What Are Exxon, Shell, And ConocoPhillips Doing With Their Billions In Q2 Profits?

Three of the five Big Oil companies released their second quarter profits today, raking in a combined $11.4 billion this quarter for a total of $31 billion this year. While profits declined for each company, Exxon Mobil still brought in $6.9 billion despite a drop in oil and gas production. Shell had to spend $2 billion to write down their North American shale assets — which contained less natural gas than anticipated — but still announced $2.4 billion in profits. Finally, ConocoPhillips, the largest independent U.S. producer, increased their production and brought in $2.1 billion for the second quarter of 2013.

Here’s what Exxon Mobil, Royal Dutch Shell and ConocoPhillips are doing with their profits:

  • Shell, along with BP, is being investigated by the European Union for price-rigging in the global oil market.
  • Shell was the top lobbying spender of the oil and gas industry in 2012, spending over $14 million, while Exxon Mobil was close behind with $13 million. ConocoPhillips was also amongst the oil and gas industry’s top ten lobbying spenders, spending just under $4 million.
  • Exxon has already spent an additional $7.9 million in lobbying so far this year, ranking in as the twelfth heaviest spender of 2013. Combined, Shell and ConocoPhillips have already dropped over $6 million in 2013.
  • Exxon spent $3.7 million on federal campaign contributions in the 2012 cycle, with 89 percent of those contributions going to Republicans. ConocoPhillips spent over $800,000 while Shell dished out over $700,000.
  • Shell and ConocoPhillips are sitting on over $12.5 billion and $3.9 billion in cash reserves, respectively, while Exxon has $5 billion.

Despite being the second most profitable company in the world, Exxon Mobil has yet to fully pay for the Exxon Valdez oil spill, which spewed more than 11 million gallons of crude oil in Alaska back in 1989. As Climate Progress recently reported, the federal government notified the oil giant in 1996 that it still owed $92 million in additional restoration fees to help address the long-term damage. 17 years after being notified, the company is still actively avoiding accountability. While profits were lower than expected this quarter due to weaker earnings from its refining business and a decrease in production, Exxon was still able to repurchase over $4 billion in shares in order to enrich their executives and shareholders.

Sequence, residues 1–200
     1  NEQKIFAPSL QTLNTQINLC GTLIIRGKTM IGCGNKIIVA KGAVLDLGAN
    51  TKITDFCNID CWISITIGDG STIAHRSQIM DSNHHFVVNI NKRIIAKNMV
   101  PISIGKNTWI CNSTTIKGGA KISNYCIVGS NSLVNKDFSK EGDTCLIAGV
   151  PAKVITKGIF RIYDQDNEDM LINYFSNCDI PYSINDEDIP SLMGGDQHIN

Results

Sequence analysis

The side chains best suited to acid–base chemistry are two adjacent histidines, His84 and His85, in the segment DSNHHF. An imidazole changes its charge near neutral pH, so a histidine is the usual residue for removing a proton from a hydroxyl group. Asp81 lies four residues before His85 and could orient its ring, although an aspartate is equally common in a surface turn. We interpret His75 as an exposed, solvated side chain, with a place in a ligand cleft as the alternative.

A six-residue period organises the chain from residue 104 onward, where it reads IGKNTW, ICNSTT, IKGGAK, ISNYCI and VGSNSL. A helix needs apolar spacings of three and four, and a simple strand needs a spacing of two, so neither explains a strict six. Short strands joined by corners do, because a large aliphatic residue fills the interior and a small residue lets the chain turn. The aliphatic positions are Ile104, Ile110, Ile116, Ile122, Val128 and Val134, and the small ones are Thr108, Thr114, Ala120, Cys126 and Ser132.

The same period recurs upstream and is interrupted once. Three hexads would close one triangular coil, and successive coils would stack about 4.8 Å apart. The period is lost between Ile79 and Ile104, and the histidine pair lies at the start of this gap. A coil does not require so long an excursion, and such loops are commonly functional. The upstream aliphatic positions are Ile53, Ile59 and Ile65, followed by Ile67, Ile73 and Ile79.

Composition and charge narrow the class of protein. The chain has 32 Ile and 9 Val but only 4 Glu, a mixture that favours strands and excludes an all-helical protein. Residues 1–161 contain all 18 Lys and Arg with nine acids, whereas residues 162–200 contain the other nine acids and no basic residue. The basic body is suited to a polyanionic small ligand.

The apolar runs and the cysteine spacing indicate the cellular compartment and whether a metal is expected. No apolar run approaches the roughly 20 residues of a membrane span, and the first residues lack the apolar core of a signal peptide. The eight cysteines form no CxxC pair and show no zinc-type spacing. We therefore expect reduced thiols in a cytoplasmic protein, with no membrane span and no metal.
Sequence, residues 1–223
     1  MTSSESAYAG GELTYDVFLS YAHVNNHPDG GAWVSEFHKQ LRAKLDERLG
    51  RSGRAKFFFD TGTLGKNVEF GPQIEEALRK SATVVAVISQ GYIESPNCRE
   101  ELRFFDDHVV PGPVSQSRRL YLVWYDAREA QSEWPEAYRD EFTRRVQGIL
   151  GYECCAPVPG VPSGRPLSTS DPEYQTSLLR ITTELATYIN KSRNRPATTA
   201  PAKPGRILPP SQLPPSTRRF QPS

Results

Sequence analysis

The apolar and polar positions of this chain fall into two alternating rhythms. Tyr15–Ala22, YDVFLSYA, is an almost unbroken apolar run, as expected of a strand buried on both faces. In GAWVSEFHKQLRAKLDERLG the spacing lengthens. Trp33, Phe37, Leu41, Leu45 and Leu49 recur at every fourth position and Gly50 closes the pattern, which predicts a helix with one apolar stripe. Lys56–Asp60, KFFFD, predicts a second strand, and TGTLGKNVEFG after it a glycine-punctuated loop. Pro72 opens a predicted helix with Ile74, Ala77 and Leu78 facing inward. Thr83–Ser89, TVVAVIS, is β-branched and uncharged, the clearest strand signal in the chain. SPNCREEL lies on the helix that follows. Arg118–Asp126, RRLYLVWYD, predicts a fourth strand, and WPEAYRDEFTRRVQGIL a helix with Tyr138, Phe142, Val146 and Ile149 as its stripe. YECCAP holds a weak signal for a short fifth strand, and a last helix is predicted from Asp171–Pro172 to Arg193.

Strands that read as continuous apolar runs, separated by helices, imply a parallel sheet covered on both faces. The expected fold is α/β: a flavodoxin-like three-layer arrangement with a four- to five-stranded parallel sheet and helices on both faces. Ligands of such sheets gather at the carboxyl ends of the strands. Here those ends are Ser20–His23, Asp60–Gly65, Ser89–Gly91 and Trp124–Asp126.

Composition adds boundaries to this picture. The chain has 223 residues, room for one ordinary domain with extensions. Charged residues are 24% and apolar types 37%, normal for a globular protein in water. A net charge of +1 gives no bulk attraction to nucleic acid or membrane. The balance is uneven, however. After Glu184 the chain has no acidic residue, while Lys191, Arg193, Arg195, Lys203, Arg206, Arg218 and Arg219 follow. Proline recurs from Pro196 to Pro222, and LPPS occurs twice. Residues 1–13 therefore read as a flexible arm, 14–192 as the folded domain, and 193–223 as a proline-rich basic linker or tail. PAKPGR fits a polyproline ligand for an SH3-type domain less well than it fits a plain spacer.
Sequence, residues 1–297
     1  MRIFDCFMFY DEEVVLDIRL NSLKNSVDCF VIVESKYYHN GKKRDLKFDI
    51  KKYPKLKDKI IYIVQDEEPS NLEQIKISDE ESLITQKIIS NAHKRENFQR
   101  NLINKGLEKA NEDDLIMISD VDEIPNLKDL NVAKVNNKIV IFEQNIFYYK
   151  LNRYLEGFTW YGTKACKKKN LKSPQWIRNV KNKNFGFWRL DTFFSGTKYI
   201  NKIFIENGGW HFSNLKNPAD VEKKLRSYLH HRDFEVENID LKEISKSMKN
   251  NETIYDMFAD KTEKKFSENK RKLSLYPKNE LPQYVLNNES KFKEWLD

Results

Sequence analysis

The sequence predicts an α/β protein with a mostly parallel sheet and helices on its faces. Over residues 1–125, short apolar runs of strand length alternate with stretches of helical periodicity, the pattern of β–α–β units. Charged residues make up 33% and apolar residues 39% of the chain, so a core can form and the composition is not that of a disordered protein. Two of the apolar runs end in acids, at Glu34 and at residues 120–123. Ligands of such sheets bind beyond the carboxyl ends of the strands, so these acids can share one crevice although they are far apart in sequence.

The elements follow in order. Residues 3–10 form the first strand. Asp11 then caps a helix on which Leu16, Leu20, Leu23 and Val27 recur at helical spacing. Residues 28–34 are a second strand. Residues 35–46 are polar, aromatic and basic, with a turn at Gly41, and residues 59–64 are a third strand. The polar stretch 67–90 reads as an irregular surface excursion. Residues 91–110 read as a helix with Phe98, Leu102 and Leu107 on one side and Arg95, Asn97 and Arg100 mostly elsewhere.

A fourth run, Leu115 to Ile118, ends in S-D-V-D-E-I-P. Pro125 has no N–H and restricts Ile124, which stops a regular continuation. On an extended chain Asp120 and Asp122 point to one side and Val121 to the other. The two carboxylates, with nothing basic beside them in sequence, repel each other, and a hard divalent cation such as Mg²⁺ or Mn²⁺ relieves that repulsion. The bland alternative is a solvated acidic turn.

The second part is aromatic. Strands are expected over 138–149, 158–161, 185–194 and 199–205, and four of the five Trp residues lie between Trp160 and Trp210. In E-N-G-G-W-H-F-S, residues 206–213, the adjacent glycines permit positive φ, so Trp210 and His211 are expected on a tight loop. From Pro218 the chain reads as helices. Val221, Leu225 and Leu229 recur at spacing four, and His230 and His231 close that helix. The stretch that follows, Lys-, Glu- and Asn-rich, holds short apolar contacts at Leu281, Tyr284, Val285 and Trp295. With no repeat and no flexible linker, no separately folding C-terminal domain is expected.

In late December of 2012, Shell was forced to remove a rig that ran aground near Kodiak, Alaska. As previously reported, Shell was haphazardly attempting to tow the rig outside of state waters in order to avoid paying millions of dollars in taxes, despite receiving $200 million in tax breaks in 2011. It took over a week working in dangerous waters for the 500 person team, led by the coastguard, to secure the rig. Should development in the Arctic region continue, the risk of a major oil spill is at 30 to 50 percent and according to James McCarthy, a Harvard professor who sits on the U.S. Arctic Research Commission, adequate technologies simply don’t exist to clean up oil spilled among sea ice. Despite Shell’s excitement over the profitability of drilling in the Arctic, the company underwent setback after setback, which included failing to meet commonsense safety requirements for its oil spill response equipment, experiencing multiple permit violations and several technical failures.


ConocoPhillips, through their revolving door lobbying practices, highlights another way in which Big Oil companies abate regulation. Almost 60 percent of lobbyists representing ConocoPhillips have previously held federal office, including two former Congressmen. Like Shell, ConocoPhillips is extremely concerned with how much they pay in taxes. Since 2011, taxation has remained ConocoPhillips most lobbied issue. ConocoPhillip’s revolving door strategy appears to be more effective than Shell’s failed attempt to flee state waters. In 2011, ConocoPhillips paid an effective federal tax rate of 18 percent, which is unabashedly lower than the standard 35 percent corporate tax rate.